Although Mr. Rochester is a white English nobleman, offensive terms used against BIPOC people were still used to describe him. The same applies to Bertha Rochester, though her ethnicity is more ambiguous. Throughout this, a trend can be seen: Brontë utilized negative stereotypes about people of color to make characters appear as less than others. She is celebrated as being an important feminist author, but her language is demeaning against people of color. Wide Sargasso Sea is often brought up when discussing the soured legacy of Brontë’s classic, but that does not mean that Brontë is exonerated of criticism. Her works might feature strong, leading female women with agency, but her works are not truly feminist, as they do not seek to uplift all women.
Many other negative stereotypes prevail in classic literature. Russian novels offer very few female characters, and those that contain them often have characters who lack agency. These pieces of classic literature use derogatory language when talking about BIPOC characters. Still, others offer brutal fantasies about hurting women for being sexual or even for daring to exist. The genre stretches from antiquity to the early twentieth century, and it can be wonderful. However, far too many pieces of classic literature demean women, and many overlay their sexism with racism as well.
Once again, this is where the conversation often gets turned to “these works were just a product of their time.” Most of the authors referenced, like Stoker, Conrad, Brontë, and Wilde, wrote during the age of imperialism, while Shakespeare wrote during Britain’s early colonial period. Their world shaped their works, but that is not an excuse to continue to demoralize the students who are directly affected by these works.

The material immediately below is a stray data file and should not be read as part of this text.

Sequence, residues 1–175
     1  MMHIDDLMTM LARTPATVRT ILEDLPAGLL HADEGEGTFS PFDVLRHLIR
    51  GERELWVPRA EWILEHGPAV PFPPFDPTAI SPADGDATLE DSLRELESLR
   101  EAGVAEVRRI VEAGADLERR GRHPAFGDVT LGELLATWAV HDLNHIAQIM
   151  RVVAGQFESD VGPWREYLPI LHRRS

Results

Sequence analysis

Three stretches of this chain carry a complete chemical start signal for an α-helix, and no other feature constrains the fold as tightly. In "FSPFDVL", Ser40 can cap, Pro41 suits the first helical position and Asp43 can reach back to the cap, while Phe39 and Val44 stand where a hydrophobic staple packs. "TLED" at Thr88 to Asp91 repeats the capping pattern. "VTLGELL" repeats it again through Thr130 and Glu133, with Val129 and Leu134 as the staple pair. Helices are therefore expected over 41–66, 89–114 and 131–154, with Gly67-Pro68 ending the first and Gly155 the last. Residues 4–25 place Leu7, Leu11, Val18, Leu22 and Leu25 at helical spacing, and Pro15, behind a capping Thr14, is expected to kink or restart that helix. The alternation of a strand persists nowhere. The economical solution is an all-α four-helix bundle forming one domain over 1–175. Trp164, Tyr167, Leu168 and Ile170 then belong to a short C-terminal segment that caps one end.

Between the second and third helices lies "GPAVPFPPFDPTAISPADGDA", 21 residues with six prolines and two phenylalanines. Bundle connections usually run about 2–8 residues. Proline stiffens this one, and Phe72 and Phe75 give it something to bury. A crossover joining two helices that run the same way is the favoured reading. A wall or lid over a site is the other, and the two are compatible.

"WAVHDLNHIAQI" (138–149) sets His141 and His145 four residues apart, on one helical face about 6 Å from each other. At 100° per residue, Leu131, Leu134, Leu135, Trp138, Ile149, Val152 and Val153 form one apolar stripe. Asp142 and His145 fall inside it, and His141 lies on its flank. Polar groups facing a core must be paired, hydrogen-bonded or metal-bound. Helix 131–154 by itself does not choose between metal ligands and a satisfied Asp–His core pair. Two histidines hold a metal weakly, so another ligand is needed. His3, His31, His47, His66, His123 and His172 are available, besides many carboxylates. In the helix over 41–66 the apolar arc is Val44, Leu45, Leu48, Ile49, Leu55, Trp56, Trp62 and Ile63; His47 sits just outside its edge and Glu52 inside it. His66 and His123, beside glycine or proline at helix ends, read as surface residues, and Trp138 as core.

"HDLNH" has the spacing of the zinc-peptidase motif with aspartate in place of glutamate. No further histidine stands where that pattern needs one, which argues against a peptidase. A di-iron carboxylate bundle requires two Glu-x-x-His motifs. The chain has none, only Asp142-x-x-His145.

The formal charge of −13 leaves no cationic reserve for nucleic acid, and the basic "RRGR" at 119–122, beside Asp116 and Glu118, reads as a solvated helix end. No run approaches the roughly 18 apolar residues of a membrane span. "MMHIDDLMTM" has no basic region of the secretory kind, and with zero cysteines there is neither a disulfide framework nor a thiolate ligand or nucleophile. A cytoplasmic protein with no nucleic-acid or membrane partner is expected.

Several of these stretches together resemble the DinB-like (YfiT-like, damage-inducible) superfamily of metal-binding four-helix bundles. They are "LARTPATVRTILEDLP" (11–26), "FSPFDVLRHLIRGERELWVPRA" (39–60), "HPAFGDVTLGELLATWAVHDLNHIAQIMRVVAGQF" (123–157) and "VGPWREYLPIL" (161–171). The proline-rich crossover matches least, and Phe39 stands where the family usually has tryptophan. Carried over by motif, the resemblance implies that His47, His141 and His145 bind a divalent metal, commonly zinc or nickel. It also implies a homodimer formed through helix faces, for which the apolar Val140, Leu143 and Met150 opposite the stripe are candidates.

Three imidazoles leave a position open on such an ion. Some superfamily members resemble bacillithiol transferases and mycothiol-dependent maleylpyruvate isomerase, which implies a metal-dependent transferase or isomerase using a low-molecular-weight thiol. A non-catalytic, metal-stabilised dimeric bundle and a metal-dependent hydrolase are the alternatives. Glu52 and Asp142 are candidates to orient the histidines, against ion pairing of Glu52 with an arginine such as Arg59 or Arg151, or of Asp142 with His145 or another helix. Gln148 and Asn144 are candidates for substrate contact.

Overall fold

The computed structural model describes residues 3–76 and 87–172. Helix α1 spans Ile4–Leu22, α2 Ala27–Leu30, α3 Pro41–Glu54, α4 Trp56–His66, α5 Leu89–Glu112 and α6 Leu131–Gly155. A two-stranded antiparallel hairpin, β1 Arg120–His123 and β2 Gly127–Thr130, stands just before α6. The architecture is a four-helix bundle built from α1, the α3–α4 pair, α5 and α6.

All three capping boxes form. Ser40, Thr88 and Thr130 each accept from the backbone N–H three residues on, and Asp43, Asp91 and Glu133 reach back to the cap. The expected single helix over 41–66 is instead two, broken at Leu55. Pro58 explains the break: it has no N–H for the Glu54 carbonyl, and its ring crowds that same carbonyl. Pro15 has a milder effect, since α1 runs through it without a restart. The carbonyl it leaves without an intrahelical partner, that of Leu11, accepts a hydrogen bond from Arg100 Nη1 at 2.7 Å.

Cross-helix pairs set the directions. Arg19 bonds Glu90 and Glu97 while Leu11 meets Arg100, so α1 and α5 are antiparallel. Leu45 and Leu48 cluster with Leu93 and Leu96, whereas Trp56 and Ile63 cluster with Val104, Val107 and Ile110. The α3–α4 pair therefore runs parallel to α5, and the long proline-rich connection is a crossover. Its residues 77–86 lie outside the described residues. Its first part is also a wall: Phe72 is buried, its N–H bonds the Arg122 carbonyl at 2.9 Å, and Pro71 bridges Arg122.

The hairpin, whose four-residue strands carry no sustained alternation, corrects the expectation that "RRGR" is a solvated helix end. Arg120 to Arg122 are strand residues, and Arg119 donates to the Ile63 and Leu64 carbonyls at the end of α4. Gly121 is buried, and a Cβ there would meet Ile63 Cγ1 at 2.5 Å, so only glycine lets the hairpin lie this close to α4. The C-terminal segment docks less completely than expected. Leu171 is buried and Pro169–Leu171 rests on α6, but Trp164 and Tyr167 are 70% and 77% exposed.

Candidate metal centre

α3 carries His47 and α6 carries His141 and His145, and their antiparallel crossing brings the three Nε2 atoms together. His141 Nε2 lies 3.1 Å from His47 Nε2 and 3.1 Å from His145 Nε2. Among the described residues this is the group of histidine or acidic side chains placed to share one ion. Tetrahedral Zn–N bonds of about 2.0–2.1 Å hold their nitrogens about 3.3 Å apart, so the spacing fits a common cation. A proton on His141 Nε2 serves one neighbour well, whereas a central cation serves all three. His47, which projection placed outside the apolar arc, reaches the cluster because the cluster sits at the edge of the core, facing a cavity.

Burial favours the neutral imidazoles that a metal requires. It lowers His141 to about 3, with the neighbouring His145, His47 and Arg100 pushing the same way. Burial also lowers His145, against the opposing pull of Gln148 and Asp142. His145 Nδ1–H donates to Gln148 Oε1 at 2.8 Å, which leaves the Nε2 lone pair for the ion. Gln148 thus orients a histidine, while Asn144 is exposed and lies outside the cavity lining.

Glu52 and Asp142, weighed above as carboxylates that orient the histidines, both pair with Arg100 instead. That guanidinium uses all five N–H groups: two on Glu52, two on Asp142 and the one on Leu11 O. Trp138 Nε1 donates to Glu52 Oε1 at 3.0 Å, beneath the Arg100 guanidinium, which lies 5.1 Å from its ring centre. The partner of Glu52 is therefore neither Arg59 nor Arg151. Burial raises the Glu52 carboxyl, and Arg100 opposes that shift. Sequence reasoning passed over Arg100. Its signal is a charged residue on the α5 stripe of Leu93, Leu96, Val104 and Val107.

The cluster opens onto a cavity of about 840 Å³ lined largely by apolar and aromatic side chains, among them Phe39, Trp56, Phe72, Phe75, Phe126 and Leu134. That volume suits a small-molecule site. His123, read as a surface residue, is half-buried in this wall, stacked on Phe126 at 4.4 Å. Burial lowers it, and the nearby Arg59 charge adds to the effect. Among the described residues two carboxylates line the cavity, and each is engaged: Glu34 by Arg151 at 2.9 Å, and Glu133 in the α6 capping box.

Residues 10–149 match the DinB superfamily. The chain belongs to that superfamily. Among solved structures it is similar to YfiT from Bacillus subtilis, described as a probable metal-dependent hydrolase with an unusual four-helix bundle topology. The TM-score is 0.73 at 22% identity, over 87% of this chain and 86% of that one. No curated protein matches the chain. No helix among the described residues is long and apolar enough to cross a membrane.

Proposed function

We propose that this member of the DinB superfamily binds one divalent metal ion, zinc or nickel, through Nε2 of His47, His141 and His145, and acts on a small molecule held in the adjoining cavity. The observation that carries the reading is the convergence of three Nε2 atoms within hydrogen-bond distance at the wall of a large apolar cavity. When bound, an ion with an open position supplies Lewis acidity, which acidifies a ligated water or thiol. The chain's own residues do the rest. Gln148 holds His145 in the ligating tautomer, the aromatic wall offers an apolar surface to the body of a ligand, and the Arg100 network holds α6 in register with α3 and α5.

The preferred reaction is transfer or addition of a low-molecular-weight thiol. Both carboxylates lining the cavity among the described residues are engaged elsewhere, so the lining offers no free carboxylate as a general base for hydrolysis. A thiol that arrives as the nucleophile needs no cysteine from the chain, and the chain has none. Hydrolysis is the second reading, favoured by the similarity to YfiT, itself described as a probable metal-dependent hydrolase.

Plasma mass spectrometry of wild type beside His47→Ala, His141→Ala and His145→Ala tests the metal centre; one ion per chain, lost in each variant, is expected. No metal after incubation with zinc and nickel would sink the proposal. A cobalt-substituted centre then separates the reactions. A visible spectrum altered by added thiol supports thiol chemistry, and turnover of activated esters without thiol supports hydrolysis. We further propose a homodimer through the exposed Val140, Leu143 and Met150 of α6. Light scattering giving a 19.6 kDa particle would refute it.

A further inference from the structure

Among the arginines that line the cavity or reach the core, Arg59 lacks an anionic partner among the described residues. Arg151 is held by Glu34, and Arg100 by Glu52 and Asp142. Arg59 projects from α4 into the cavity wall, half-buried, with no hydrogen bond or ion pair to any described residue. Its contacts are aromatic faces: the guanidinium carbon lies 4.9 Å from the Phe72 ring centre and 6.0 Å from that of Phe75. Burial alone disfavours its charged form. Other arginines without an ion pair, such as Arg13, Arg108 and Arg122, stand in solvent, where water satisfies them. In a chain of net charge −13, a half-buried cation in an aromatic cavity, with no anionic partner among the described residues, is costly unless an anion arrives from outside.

Context is, of course, an important part of understanding the literature. By providing the context surrounding these pieces, we are able to discuss how those views came across. However, the context does not excuse the authors from the modern perspective. In the present day, we are more connected than ever to the entire world. We have become a global society. As such, by being global, it is our duty to ensure that the views of a far less global and far smaller portion of the population do not further modern injustices.
Classic European and American literature is not for everyone, nor should it be. It was not written to include everyone, and in the modern day and age, that is abundantly clear. Racism and sexism are systematic within intellectual settings, and as we as people grow and change, we must fight to incorporate our own voices within the literature. Everyone deserves to see themselves represented in literature like any other form of art. The treatment of minorities of any type in literature has prevailed for too long, and we must work to change it.
Reading Racist Literature
Feminism, Sex Role Exchanges, and Other Subliminal Fantasies in Bram Stoker’s “Dracula”
The Figure of Bertha Mason.
Perception of Women and Crime in Sherlock Holmes
NEGATIVE RACIAL STEREOTYPES AND THEIR EFFECT ON ATTITUDES TOWARD AFRICAN-AMERICANS
Reading Jane Eyre while Black
Jane Eyre, Jamaica, and the language of Rebellion
Slavery and the black presence in Spanish Golden Age literature
Vampires in Literature
The Importance of Blood in the Victorian Era
The Trouble with Heart of Darkness
Achebe: An Image of Africa: Racism in Conrad’s Heart of Darkness
Achebe: Heart of Darkness is Inappropriate
The Vampire in the House
A Vampire in the Mirror: the Sexuality of Dracula
The Monster in the Bedroom: Sexual Symbolism in Bram Stoker’s Dracula
Repossessing the Body: Transgressive Desire in “Carmilla” and “Dracula”
Loving You All Ways: Vamps, Vampires, Necrophiles and Necrofilles in Nineteenth-Century Fiction, Rober Tracy